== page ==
Evidence
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A supervised toothbrushing programme in nurseries reduced dental treatment costs

This cost analysis showed that a Scotland-wide programme of supervised toothbrushing in nurseries is linked to large savings in dental treatment costs because of the reduced levels of tooth decay in five year-old children. In the eighth year, the programme saved more than two and a half times the programme’s cost of implementation. The greatest ...

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New evidence available on corticosteroids added to antibiotics in severe pneumonia

For adults admitted to hospital with severe pneumonia, this review found that adding corticosteroids to the usual antibiotic treatment may be beneficial. The evidence was less supportive of using corticosteroids in people with less severe pneumonia. Results showed modest benefits in allowing patients to reach a clinically stable recovery and leave hospital an average of ...

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Rapid tests for diagnosing drug resistant tuberculosis are accurate and may be cost effective

This NIHR funded systematic review and economic evaluation found that three rapid tests for diagnosing drug resistant tuberculosis were highly accurate and likely to be cost effective in the UK. These tests produce results within one day of obtaining a sample. This is a significant reduction compared with the standard tests which can take about ...

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Electrical stimulation alongside other treatments may slightly improve ankle spasticity after stroke, but the clinical importance is uncertain

This systematic review and meta-analysis found that electrical stimulation produced a small, but statistically significant improvement, in tight muscles (spasticity) for people recovering from stroke. The clinical importance of the improvement is uncertain. For example, electrical stimulation improved joint flexibility by an average of 2.87 degrees and spasticity improved by 0.3 on a 5 point ...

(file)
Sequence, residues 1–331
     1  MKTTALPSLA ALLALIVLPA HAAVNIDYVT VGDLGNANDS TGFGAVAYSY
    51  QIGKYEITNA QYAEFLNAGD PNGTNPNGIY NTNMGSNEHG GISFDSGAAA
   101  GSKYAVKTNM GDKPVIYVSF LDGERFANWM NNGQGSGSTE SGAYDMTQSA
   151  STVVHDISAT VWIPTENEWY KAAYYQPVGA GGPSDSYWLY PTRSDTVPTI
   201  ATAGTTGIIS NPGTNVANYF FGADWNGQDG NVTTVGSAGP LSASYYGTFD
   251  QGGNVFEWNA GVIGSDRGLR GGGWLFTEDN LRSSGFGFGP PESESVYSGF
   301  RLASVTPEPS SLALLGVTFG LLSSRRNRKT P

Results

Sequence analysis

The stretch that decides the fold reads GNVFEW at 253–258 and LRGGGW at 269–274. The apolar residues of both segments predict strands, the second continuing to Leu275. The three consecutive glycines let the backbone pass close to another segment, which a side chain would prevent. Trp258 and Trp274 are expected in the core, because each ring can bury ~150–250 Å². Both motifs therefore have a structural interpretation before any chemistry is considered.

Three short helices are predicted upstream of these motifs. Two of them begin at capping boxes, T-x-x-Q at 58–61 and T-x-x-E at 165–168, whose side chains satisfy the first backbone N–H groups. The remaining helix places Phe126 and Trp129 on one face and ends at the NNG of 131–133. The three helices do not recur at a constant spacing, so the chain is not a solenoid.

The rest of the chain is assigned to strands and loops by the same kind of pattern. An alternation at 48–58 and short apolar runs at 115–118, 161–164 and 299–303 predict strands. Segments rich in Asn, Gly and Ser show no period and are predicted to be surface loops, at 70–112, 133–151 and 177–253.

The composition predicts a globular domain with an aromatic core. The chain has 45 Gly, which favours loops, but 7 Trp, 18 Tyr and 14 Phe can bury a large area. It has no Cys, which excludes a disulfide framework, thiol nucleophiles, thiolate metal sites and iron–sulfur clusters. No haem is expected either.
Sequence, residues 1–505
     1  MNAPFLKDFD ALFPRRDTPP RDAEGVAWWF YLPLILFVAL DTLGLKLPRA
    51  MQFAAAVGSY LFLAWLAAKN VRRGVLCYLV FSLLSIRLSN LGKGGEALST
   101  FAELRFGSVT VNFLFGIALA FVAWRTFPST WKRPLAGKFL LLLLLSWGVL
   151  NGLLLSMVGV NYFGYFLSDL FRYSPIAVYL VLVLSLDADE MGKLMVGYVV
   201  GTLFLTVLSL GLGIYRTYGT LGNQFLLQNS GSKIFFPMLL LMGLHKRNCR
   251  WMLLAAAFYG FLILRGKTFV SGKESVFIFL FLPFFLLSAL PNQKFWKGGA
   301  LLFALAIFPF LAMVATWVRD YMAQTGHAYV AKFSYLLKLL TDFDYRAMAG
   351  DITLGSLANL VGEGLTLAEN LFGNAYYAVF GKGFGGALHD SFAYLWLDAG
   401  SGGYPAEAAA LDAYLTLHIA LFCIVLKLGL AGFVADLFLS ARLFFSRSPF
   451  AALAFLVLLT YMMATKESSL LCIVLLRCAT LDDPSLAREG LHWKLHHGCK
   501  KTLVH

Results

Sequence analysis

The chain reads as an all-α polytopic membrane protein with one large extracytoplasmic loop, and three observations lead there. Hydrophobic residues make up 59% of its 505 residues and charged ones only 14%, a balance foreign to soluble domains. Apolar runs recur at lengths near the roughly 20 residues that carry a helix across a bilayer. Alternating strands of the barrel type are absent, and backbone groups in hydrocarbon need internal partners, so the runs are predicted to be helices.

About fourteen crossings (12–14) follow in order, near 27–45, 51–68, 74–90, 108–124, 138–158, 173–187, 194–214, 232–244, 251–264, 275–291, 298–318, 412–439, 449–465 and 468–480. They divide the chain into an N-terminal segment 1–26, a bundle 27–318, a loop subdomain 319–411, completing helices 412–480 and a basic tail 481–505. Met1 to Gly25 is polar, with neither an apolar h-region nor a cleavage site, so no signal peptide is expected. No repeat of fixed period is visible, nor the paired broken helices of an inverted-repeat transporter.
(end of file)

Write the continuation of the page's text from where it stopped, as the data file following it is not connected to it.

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A new, simple postural manoeuvre can stop an abnormally fast heart rate

A simple postural change to the Valsalva manoeuvre (see Definitions) improves the effectiveness of this cheap, non-invasive means of treating supraventricular tachycardia - an abnormally fast heart rate over 100 beats per minute. The NIHR funded a pragmatic trial of the promising technique in ten hospital emergency departments in England. The trial found that laying ...

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A behavioural intervention for obese pregnant women did not reduce risk of diabetes

This large NIHR-funded UK trial found that a behavioural intervention for obese pregnant women did not reduce their risk of developing diabetes during pregnancy, or having a baby born too large for the duration of pregnancy (large-for-dates). However, the intervention did reduce the mothers’ weight gain slightly and increased their physical activity. Women received advice ...

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A coping programme moderately reduces depression and anxiety in carers of people with dementia

This NIHR-funded trial found that a programme to support carers of people with dementia was moderately effective in reducing carers’ depression and anxiety scores for up to two years. It was also cost-effective. The programme consisted of eight sessions delivered by psychology graduates, covering topics such as managing difficult behaviour, accessing support and planning for ...

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Inhaling a saline mist did not reduce the time in hospital for babies with bronchiolitis

In this NIHR-funded trial babies with a viral chest infection (acute bronchiolitis) were treated either with a strong saline mist (nebulised 3% hypertonic sodium chloride) with standard care or standard care alone. The stronger than usual, hypertonic saline mist had no effect on the time it took for babies to be ready for discharge, nor ...

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Listening to music reduces pain and anxiety for patients having surgery

This systematic review found that music can moderately reduce pain and anxiety when played before, during or after surgery. It also strongly increased patient satisfaction. Music was equally effective whether chosen by the patient or not. It was most effective when played before surgery and when the patient was conscious, though it was still effective ...

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Clinics and activities in primary care can reduce heart disease deaths

This review found that primary care interventions at an organisational level for people with coronary heart disease reduced death rates for up to six years after the intervention, compared to usual care. The structured interventions lasted between one and three years and included activities like organising dedicated clinics to monitor and adjust medication to meet ...

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